What matters to us
It just seems to be unrelenting bad going-on-horrific news at the minute: the famine in Somalia, the massacre in Norway and Amy Winehouse’s tragic, if inevitable, demise. Anyone looking at the three stories objectively would rank them in that order of importance, yet this morning’s UK newspapers had it in reverse, with La Winehouse making most of the headlines and Somalia barely getting a mention.
You’ll see a lot of people getting very angry about this inversion of priorities on the Twittersphere. While I have sympathy with them, I’m afraid it has always been this way.
Human nature is driven not by logic, but by gut instinct. We are more interested in news stories that affect people we feel familiar with, at a level we can comprehend, those that are sudden, and those that are geographically close. The Somalis who are suffering are pastoralists, a lifestyle most Westerners have never experienced, so we can’t imagine this happening to us, and the tragedy has been unfolding for many weeks. The Norwegians live closer to us and have much the same lifestyle, so we can emphasise with the loss of relatives in such a shocking single event. And Amy Winehouse had touched millions with that extraordinary voice – so much so, that many of us felt we somehow knew her.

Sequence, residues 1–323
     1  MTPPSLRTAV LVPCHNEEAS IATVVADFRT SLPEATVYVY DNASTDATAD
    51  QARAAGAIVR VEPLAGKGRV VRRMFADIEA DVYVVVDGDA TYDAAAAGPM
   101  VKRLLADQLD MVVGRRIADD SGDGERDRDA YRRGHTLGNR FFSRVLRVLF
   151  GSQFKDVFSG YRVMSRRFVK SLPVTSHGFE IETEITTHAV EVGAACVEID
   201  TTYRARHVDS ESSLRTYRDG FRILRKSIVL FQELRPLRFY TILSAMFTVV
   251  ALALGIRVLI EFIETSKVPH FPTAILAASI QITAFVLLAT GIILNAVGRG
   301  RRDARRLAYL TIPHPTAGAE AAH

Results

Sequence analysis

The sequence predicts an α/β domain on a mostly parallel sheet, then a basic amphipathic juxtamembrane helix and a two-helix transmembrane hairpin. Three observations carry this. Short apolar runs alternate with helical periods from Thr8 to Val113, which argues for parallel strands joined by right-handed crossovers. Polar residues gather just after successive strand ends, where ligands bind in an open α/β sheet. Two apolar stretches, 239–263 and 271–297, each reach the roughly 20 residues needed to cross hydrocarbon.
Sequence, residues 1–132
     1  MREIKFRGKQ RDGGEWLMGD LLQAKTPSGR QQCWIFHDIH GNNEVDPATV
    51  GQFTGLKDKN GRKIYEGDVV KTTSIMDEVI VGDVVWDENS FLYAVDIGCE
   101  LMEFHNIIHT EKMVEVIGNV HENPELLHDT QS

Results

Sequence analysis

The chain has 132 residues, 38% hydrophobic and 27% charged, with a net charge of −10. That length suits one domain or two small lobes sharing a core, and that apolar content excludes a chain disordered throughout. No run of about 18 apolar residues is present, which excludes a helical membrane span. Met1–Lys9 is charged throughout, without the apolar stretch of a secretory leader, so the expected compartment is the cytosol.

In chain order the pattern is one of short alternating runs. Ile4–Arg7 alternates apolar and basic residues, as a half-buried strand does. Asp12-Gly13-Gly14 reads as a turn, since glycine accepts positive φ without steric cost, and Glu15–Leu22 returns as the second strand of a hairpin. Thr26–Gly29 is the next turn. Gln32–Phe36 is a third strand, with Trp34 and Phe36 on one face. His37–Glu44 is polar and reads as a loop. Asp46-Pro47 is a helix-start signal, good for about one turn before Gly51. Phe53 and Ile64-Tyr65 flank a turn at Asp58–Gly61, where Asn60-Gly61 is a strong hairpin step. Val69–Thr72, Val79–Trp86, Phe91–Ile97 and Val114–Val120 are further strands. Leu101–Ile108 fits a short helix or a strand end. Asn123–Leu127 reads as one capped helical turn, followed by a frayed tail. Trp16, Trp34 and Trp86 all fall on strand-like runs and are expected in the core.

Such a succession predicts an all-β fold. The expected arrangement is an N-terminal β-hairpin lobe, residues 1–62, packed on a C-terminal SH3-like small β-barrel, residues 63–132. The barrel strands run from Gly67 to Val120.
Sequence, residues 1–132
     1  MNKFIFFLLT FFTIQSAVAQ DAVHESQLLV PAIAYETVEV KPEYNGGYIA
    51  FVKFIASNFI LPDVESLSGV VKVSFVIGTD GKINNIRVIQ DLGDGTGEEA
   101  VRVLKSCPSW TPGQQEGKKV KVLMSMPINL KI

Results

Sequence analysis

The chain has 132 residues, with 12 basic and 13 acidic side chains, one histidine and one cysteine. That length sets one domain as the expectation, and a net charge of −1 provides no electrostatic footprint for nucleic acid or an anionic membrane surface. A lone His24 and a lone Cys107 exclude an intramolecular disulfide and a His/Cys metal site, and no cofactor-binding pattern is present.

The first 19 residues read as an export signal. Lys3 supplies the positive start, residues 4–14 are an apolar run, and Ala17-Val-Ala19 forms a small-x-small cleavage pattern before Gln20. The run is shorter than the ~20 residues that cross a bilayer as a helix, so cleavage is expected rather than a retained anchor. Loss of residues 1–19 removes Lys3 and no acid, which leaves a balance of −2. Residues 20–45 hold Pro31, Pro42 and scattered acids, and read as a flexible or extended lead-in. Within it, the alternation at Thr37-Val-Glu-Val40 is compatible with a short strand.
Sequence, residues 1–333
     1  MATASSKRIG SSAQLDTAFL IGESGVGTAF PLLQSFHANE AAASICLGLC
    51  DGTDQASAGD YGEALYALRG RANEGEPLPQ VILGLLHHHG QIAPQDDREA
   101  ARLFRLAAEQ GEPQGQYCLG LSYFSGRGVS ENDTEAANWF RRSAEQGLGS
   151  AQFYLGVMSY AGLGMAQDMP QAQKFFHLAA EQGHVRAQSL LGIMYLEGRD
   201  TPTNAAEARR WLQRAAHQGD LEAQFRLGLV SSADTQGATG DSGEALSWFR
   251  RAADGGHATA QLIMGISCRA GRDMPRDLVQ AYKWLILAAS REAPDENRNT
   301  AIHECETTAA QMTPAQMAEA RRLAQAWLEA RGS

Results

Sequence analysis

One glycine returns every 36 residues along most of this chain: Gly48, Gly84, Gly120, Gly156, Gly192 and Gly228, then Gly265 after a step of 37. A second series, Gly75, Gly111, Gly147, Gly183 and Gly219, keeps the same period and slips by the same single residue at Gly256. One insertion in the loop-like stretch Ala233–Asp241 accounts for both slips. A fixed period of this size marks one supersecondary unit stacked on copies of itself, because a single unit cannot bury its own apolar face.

You will see the same factors in environmental issues. Last year’s Gulf oil spill got a lot of coverage, because it was a single dramatic event, it was easy to see the scale of the problem on TV and the people who were most affected had Western lifestyles. Climate change if a much, much bigger problem yet it rarely if ever gets the same coverage as it is incremental, its impacts are geographically dispersed and there are no pictures of people like us being affected.
So how do we account for this when formulating green communications? If you look at TV coverage of African famines, the presenter will usually do two things – first interview a Western (read: white) aid worker about the scale of the problem (someone like us) and then tell the story of the suffering of one family (get down to the human interest level). I used to get angry about this as I felt it continued a myth of “Western benevolence in terrible Africa” and then intruded in one family’s grief when I felt they had suffered enough. But now, while I still don’t particularly like it, I understand they are trying to make the story comprehensible to the audience back home.
Likewise, I always advise clients when they are trying to communicate green issues to copy the media and make the story relevant to the audience and, preferably, recount it through the eyes of someone just like them (the audience). For most people, talking about polar bears just won’t cut the ice.